There's no getting around it: Breakups are rough. But before you crawl into a cave and declare you'll never love again, check out these TV shows that demonstrate exactly how to, and how not to, deal with the loss of love before you rejoin the world. Your next partner will thank you.
'Man Seeking Woman' (2015 - )
Based on Simon Rich's novel "The Last Girlfriend on Earth," "Man Seeking Woman" is an absurd and terrifically filthy comedy about a man surviving a devastating breakup. Each episode takes one particular reality of single life to a wickedly funny extreme. In the pilot, Josh (Jay Baruchel) must deal with the fact that his ex-girlfriend has found a new boyfriend immediately -- and while everyone around him is encouraging Josh to be the better man and embrace her new beau, he's the only one concerned that the new boyfriend is literally Adolf Hitler (expertly played by Bill Hader). Each episode goes further than the last, casually dipping into the surreal to make points about the misery of post-breakup life -- which, naturally, leaves single members of the audience relieved, because Josh stands as a chilling reminder that it could always be worse.
'Bored to Death' (2009 - 2011)
"Bored to Death," a three-season comedy from HBO, features Jason Schwartzman as struggling writer Jonathan Ames, who decides to become a private detective when the love of his life moves out. Along with his mentor, George (Ted Danson), and best friend, Ray (Zach Galifianakis), Jonathan quickly ends up sticking his nose where it doesn't belong, ending up in ridiculous, and often dangerous, situations. The show sits comfortably between slapstick and film noir; mysterious conversations in the shadows are often followed by pratfalls or messy complications. And while "Bored to Death" is binge-worthy on the strength of its cast alone, it carries an important message for the brokenhearted: Spend some time grieving before you make any life-changing decisions ... or career changes that might get you killed.
'Baskets' (2016 - )
The brainchild of comedian-turned-auteur Louis C.K., "Baskets" follows Chip Baskets (Zach Galifianakis), an American kicked out of a French clown school and abandoned by his wife. Chip's complete lack of self-awareness drives the comedy as he struggles to have his craft taken seriously in his new job as a rodeo clown -- while the narrative tone, which borrows heavily from French cinema, makes him a charming guy you want to root for. "Baskets" serves as a striking reminder that we should rely on our friends and loved ones after a breakup, a point driven home by the pitch-perfect performance of Louie Anderson as Chip's mother. Think of "Baskets" as a spiritual successor to "Louie," and a post-breakup narrative that shows that getting over a breakup doesn't have to mean immediately finding someone new.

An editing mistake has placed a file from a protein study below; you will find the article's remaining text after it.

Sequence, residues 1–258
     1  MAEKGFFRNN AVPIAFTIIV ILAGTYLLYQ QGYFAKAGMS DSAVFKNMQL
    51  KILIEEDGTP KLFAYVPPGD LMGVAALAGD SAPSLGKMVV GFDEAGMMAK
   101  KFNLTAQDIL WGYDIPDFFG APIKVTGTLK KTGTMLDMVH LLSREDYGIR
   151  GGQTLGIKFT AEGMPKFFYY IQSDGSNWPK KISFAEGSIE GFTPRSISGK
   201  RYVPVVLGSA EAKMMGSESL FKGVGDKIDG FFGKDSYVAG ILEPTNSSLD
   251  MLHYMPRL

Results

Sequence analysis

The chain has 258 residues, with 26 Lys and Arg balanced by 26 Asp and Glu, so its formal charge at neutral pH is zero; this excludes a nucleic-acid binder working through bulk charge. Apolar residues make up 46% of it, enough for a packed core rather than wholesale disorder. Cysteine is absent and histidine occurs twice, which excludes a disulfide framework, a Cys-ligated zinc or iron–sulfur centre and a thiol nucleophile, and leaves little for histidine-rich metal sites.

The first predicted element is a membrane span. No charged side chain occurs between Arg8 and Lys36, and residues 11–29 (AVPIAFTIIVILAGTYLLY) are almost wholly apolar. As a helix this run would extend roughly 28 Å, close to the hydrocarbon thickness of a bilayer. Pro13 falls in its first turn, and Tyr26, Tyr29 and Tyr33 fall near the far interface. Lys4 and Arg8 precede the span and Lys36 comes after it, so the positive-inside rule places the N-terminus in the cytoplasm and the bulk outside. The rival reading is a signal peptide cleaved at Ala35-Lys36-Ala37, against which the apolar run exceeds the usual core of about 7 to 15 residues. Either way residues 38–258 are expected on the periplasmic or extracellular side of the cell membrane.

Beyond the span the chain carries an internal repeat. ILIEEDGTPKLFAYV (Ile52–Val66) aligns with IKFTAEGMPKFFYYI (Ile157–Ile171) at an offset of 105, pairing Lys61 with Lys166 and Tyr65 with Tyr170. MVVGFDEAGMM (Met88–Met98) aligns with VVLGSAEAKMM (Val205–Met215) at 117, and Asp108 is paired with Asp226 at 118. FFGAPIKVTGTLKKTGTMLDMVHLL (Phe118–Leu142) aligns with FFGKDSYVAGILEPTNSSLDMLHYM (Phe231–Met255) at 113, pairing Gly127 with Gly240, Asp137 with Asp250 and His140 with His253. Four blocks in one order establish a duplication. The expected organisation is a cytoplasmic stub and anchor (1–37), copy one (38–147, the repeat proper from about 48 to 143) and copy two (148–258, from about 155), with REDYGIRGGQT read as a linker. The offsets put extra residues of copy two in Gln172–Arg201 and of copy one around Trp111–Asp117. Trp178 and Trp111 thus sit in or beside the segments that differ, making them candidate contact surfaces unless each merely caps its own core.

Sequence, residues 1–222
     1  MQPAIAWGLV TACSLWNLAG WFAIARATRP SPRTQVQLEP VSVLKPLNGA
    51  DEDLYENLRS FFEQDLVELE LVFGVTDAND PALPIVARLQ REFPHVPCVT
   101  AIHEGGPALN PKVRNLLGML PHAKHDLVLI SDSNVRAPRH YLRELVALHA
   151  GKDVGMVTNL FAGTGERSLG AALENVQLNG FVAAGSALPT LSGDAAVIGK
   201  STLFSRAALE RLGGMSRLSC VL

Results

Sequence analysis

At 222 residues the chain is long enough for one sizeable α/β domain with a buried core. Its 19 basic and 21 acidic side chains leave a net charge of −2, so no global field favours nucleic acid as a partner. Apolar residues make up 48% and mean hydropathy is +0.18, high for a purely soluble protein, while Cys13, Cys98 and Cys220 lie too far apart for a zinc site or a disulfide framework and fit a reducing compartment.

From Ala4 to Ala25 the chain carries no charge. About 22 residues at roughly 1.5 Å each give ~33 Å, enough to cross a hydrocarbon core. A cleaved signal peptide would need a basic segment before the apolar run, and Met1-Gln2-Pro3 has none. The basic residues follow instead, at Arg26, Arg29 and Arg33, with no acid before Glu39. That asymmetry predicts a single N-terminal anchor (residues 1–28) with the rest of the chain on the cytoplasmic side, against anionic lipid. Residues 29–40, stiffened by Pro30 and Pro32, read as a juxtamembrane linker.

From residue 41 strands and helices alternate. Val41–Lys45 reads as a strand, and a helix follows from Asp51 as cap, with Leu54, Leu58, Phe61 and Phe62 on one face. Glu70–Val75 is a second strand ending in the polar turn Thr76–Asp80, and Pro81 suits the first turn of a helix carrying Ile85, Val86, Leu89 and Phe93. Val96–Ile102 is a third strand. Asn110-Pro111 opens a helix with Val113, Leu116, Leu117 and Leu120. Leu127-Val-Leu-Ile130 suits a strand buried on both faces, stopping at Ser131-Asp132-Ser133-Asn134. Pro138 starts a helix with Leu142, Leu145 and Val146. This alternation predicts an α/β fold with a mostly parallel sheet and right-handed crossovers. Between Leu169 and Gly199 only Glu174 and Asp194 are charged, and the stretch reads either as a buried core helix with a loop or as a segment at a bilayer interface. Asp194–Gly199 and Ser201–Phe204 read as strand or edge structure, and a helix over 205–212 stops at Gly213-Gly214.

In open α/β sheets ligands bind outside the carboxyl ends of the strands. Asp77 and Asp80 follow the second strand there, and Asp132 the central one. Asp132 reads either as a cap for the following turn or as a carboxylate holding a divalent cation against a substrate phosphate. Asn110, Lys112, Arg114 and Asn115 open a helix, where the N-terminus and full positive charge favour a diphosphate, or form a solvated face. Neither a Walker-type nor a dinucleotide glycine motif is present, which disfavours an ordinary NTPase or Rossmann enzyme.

'New Girl' (2011 - )
A love letter to hipsters nationwide, "New Girl" follows the painfully adorable Jessica Day (Zooey Deschanel) after she confronts her cheating boyfriend and is forced to move in with three well meaning but dimwitted roommates in a Los Angeles loft. While Deschanel's wooden performance isn't always the greatest, the ensemble cast's perfect comedic timing make "New Girl" a classic. And as Jessica puts her life back together, she's forced to realize her own strength, which creates a solid umbrella over the show's "Deschanel as comedic straight man to three wacky guys" motif. Life after a breakup means meeting a new version of yourself -- and "New Girl" shows just how much fun that can be.
'The Good Wife' (2009 - 2016)
"The Good Wife" is the story of Alicia Florrick (Julianna Margulies), wife to Governor Peter Florrick (Chris Noth), a politician recently disgraced -- and imprisoned -- by the scandal of his corruption and numerous affairs. While on the outside, the show may appear to be a political and legal drama on par with "House of Cards," "The Good Wife" is far more character-driven than plot-driven. It provides keen insights into how the strong female lawyer is forced to deal with her marriage falling apart in the public eye. Each week, the writers gracefully created a case-of-the-week framework while following the emotional healing of Alicia herself. The ensemble cast -- which includes heavy-hitters like Michael J. Fox, Christine Baranski, and Jeffrey Dean Morgan -- walks the tightrope of caring for Alicia while creating chaos in her life. Through it all, Alicia stands as a beacon for those going through tough breakups, both in how she keeps her composure, and how she learns to be vulnerable again.